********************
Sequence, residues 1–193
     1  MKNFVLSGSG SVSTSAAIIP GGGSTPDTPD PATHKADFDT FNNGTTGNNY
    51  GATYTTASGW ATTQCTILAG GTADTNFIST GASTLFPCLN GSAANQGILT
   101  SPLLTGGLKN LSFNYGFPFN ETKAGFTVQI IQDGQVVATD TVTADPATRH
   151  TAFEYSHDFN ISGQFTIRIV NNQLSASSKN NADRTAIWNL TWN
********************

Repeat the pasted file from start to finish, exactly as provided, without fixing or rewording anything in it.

Sequence, residues 1–193
     1  MKNFVLSGSG SVSTSAAIIP GGGSTPDTPD PATHKADFDT FNNGTTGNNY
    51  GATYTTASGW ATTQCTILAG GTADTNFIST GASTLFPCLN GSAANQGILT
   101  SPLLTGGLKN LSFNYGFPFN ETKAGFTVQI IQDGQVVATD TVTADPATRH
   151  TAFEYSHDFN ISGQFTIRIV NNQLSASSKN NADRTAIWNL TWN